Thursday, April 28, 2016

Par Pacific Holdings: Update, Distressed Energy M&A Thesis

I received the Par Pacific Holdings (PARR) annual report in the mail this week and thought it made sense to revisit my initial thesis in an updated post now that I've spent more time on the company in the past 20 months I've owned it.  Last fall Par Pacific changed the holding company's name from Par Petroleum, and renamed their Hawaiian operations Par Petroleum, which coincided with Bill Pate being appointed CEO and signaling the future direction of the company.  Par Pacific traces its roots back to 2012 when it was known as Delta Petroleum, a failed natural gas producer that went through bankruptcy and ended up in the hands of creditors, the largest of which was Sam Zell's organization through the Zell Credit Opportunities Fund.  In the reorg, $265MM in debt was converted to equity and the $1.4B in net operating losses were preserved giving Par a significant tax shield as they pursue an acquisition strategy.

Sam Zell built his reputation and wealth as a distressed investor, and with much of the energy industry in distress, Par Pacific Holdings is a way to invest alongside him and his management team in an environment that should see plenty of attractive deal opportunities.  The bulk of Par Pacific today was created through two acquisitions of refining and retail assets in Hawaii.  In 2013, they bought Tesoro's Hawaiian operations for $75MM plus a $40MM earn out and in 2015 they paid $120MM for Mid Pac Petroleum (primarily retail locations).  Last year alone these assets generated $110MM in EBITDA.  Distress in the upstream oil and gas sector is migrating down to pipeline and retail players, Par Pacific's main focus going forward.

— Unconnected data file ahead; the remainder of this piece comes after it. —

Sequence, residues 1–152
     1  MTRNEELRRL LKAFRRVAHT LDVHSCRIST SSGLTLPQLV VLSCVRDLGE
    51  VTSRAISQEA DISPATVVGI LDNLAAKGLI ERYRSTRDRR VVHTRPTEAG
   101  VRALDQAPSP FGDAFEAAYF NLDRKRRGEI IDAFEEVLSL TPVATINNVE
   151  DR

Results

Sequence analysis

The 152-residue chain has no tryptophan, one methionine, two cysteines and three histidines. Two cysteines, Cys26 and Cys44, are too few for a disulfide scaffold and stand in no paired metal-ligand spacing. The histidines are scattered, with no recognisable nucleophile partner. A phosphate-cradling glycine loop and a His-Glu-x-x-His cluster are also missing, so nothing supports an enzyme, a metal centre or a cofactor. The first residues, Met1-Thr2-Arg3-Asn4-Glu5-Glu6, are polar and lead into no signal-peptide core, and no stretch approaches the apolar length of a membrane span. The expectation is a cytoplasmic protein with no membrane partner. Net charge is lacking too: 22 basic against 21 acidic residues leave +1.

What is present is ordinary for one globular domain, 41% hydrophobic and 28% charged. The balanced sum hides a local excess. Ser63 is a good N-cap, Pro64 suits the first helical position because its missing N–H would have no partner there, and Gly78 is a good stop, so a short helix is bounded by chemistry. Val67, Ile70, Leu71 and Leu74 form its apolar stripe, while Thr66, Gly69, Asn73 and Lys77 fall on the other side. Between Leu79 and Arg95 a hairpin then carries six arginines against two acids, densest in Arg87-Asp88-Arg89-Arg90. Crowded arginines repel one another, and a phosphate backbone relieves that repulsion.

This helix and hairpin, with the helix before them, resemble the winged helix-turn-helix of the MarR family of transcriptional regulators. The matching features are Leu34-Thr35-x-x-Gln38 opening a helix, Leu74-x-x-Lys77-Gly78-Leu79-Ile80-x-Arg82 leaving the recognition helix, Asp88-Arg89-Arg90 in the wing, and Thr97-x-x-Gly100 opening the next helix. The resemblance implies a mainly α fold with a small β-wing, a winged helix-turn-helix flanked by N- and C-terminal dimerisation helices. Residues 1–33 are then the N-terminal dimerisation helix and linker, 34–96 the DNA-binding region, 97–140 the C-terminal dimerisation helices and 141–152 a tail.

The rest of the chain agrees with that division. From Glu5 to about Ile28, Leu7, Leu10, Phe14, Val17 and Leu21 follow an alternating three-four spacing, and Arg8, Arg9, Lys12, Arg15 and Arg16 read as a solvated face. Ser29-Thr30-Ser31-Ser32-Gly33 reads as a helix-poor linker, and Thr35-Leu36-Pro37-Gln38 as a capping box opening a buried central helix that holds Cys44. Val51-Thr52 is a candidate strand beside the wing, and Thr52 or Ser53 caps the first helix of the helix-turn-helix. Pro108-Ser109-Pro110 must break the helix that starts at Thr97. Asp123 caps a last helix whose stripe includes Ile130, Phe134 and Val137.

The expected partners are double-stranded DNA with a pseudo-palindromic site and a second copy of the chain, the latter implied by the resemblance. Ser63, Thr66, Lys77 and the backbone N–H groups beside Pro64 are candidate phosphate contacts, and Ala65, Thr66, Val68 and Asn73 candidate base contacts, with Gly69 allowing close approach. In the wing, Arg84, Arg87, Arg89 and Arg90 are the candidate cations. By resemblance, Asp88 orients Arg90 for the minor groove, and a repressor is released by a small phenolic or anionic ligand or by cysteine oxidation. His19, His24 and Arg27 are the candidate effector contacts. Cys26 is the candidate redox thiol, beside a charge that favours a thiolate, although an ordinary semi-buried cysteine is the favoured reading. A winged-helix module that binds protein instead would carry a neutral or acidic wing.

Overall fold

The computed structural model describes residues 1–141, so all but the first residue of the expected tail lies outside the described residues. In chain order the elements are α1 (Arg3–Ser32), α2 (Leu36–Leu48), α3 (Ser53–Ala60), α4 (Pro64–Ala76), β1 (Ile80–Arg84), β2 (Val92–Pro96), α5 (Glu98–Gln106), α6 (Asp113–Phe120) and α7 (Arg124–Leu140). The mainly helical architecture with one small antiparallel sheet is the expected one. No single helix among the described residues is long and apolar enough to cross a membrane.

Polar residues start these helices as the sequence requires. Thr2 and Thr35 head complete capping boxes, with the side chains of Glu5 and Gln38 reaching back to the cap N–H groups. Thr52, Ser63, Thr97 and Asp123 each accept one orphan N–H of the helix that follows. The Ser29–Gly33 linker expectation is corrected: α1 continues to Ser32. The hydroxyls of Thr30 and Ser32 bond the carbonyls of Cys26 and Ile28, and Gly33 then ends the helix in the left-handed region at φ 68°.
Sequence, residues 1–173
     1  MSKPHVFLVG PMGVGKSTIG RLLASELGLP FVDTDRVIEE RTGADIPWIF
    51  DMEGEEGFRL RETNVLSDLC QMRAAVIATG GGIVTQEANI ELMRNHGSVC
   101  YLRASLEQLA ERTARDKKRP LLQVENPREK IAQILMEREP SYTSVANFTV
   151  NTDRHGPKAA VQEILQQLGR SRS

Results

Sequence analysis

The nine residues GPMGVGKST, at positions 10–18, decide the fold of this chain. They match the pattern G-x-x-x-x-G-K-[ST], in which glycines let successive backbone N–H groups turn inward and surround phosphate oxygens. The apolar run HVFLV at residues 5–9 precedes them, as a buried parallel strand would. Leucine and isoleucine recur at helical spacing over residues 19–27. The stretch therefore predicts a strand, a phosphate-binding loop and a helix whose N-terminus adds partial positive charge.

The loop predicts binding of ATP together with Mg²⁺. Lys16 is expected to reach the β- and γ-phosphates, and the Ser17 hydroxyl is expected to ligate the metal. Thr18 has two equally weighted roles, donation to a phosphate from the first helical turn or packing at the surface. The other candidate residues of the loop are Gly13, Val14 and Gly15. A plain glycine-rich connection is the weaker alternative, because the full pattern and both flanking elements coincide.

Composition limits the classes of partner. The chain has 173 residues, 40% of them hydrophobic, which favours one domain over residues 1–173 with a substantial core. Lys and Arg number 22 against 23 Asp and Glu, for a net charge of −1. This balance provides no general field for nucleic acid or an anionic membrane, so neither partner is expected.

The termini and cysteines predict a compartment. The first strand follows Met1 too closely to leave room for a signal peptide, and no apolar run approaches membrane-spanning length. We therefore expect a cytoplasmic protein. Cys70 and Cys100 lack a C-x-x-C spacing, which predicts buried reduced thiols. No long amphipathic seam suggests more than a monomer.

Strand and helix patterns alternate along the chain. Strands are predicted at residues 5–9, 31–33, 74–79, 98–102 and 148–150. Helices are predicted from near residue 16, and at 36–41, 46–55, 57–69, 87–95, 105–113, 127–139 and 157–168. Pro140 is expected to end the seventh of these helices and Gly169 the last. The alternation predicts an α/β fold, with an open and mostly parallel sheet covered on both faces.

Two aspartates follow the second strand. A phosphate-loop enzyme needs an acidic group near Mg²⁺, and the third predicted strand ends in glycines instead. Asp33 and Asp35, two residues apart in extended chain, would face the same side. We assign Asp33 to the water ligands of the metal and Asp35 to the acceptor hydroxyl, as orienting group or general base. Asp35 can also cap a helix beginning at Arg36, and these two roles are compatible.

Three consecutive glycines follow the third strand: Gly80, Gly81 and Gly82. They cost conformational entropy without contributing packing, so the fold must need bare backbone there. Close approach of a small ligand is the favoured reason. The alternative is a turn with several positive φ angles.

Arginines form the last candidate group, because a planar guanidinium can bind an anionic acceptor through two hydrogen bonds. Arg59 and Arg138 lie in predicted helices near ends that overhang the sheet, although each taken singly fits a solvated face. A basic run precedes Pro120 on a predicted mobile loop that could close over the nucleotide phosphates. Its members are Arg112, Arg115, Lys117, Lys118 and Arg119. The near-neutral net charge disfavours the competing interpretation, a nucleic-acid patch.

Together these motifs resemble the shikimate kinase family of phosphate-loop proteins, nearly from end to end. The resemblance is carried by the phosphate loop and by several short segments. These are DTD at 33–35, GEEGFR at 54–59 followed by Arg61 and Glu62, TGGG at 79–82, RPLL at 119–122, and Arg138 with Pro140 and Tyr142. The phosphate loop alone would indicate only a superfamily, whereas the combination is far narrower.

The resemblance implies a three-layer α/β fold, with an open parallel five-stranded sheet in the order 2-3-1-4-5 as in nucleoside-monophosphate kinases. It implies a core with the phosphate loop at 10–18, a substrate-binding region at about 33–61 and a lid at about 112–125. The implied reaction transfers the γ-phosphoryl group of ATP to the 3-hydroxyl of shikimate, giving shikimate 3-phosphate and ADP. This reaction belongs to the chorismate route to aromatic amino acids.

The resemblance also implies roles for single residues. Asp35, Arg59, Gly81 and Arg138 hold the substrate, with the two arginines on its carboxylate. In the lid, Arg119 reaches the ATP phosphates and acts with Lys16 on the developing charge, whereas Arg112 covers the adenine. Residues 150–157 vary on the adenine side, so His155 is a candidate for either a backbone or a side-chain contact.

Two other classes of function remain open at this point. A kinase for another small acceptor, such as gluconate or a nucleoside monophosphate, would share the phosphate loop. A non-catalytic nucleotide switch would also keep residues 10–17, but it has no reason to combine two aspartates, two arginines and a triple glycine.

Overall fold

In current form, the company has three primary assets: Par Petroleum (Hawaiian downstream business), Laramie Energy (Colorado based natural gas E&P), and the tax assets.

Par Petroleum: Refinery, retail distribution network and related logistics assets located in Hawaii.
  • Tesoro had mothballed their Hawaiian refinery and related assets, running them as an import, storage and distribution terminal while running an asset sale.  Most everyone passed, Tesoro wrote down the refinery to nothing, and then eventually Par came along and scooped it up for $75MM plus working capital/inventory.  Why did Par get a deal?  Tesoro made the strategic decision to exit Hawaii and focus on a new large acquisition it made with BP's old refinery in Southern California that could be operationally leveraged with Tesoro's in the same vicinity.  The Hawaiian business provided limited operational synergies and was a small piece of Tesoro's overall refinery business.  With no other buyers, Tesoro was able to effectively reallocate $325MM of net working capital to a more productive project for them with Par as the beneficiary.
  • Being isolated in the Pacific Ocean, in order to drive profitability Par needed to increase it's on island sales otherwise it's expensive to ship refined product to either the west coast or Asia ($6 per barrel).  In 2014/2015 Par announced and closed on the acquisition of Mid-Pac Petroleum - 80 retail sites throughout the Hawaiian Islands.  The Mid Pac deal helps Par sell their refined product locally and internalizes consumption allowing Par to get both retail and refinery margins.  On a standalone basis the price wasn't outstanding, but the operational synergies Par will be able to squeeze out of their refinery makes it a transformational one.  They also own the land under 20 of the retail locations, so they have the ability to do a sale leaseback in the future.  With the Mid Pac retail locations, Par currently has 91 locations under the Tesoro and 76 brands, about 20% of the overall Hawaiian market.
  • Management still believes there are acquisition opportunities in Hawaii, most likely additional retail to further drive the on island sales to match the output at the refinery, limiting the need to export.